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Congress came back from a seven-week break Tuesday and once again failed to move forward a bill that would pay for a federal Zika response.
As senators traded barbs about whose fault it was, Florida health officials said they'd found seven more home-grown cases of Zika, six of them part of an outbreak in Miami Beach. Florida now has documented 56 locally transmitted cases of Zika infection, presumably passed by Aedes aegypti mosquitoes that are active nearly year round in south Florida.
President Barack Obama asked for $1.9 billion in emergency funding to fight Zika in February, but the Republican-dominated Congress stalled.
Related: WHO Broadens Zika Sex Guidelines
The heads of the Centers for Disease Control and Prevention and the National Institute for Allergies and Infectious Diseases, as well as other leading experts, said they needed to money quickly and offered explanations for how it would be spent, but conservative members of the House and the Senate alike balked.
The House offered $1.1 billion in Zika funding in June, but the money wasn't new funding. It was mostly repurposed funding from other programs, notably efforts to clean up after the Ebola epidemic that killed 11,000 people in West Africa in 2014-15.
Related: Zika Funding Battle 'Inexcusable'
And it specifically cut money from Planned Parenthood — a move the Republicans knew Democrats would reject, and they did.
"Republicans were more interested in attacking Planned Parenthood and flying the Confederate flag."
"Republicans were more interested in attacking Planned Parenthood and flying the Confederate flag. Can't make that stuff up — that's really the truth — than protecting women and babies from this awful virus," said Senate Minority Leader Harry Reid, D-Nev.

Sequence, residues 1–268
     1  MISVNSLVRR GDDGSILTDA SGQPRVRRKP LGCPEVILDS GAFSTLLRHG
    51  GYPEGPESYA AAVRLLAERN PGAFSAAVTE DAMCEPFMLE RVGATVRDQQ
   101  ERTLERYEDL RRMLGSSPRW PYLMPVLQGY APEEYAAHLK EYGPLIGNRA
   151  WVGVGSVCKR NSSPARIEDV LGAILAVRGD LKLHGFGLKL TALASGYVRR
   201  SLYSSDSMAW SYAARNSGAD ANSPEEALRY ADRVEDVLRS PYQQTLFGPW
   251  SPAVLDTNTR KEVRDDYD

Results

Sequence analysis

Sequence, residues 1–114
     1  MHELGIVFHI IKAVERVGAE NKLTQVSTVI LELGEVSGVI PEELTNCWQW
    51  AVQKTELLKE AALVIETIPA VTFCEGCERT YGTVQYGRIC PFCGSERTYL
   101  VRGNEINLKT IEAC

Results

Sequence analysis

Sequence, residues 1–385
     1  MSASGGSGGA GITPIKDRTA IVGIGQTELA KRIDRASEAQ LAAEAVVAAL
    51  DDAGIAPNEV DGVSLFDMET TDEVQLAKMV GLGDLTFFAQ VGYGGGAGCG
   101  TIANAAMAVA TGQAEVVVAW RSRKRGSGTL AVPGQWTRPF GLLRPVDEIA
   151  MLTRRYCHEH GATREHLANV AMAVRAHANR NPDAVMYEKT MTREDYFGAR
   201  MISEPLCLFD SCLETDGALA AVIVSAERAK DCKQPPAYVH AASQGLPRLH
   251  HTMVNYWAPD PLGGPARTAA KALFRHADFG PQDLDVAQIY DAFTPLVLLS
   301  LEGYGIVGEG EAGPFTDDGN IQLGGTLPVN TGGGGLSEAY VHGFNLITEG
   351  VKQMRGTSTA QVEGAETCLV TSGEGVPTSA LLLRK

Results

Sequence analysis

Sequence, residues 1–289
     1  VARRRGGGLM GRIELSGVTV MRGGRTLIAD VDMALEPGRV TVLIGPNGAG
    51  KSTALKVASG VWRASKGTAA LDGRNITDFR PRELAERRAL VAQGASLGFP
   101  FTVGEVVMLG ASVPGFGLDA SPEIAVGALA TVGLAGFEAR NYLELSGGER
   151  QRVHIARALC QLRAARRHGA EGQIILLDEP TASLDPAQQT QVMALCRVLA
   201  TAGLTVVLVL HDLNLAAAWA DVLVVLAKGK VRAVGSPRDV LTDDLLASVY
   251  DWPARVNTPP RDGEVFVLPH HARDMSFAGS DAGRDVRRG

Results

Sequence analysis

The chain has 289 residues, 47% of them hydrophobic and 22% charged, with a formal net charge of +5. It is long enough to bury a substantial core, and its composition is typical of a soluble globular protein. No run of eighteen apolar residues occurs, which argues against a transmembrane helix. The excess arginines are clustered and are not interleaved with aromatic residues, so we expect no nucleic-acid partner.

"They sent it back with all this strange, weird stuff in it. They cut funding for the Veteran's Administration by half a billion. They tried to disguise the fact that they wanted to eliminate Planned Parenthood."
But Senate Majority Leader Mitch McConnell, R-Ky., said Democrats were to blame.
"Our colleagues across the aisle will point to partisan excuses, but the bottom line is this: There's no excuse not to pass these bills," he said.
Sen. Bill Nelson, D-Fla., said 80 pregnant women in his state have Zika, which can cause severe, debilitating and often fatal birth defects.
"It ought to be common sense that folks like me come to plead with our colleagues. Let's stop this monkey business," Nelson said.
Nationally, the CDC knows of 624 pregnant women affected by Zika in the 50 states and 971 more in territories such as Puerto Rico. More than 16,000 travelers have shown up with Zika infections in states or territories, CDC says.
"Let's stop this monkey business."
Florida officials have been spraying against mosquitoes and encouraging people to empty even the smallest containers of water. Aedes mosquitoes can breed in just a few drops of water.
"Florida's small case cluster is not considered widespread transmission, however, pregnant women are advised to avoid non-essential travel to the impacted area in Miami-Dade County," the state Health Department said.
U.S. Health and Human Services Secretary Sylvia Burwell says she is flummoxed by Congress' refusal to OK the funding. "This is an emergency," she told reporters last week.
And the CDC says it's out of money to spend on Zika. Congress has until the end of September to pass a budget for next year. Without a bill, federal agencies will be able to do nothing.
Florida Senator Marco Rubio, a Republican, says Congress may be forced to drop Planned Parenthood references and attac Zika funding to a stopgap funding measure. “The easiest way to get this paid for is to make it part of whatever we use to keep the government open for the rest of the year,” Rubio told The Hill.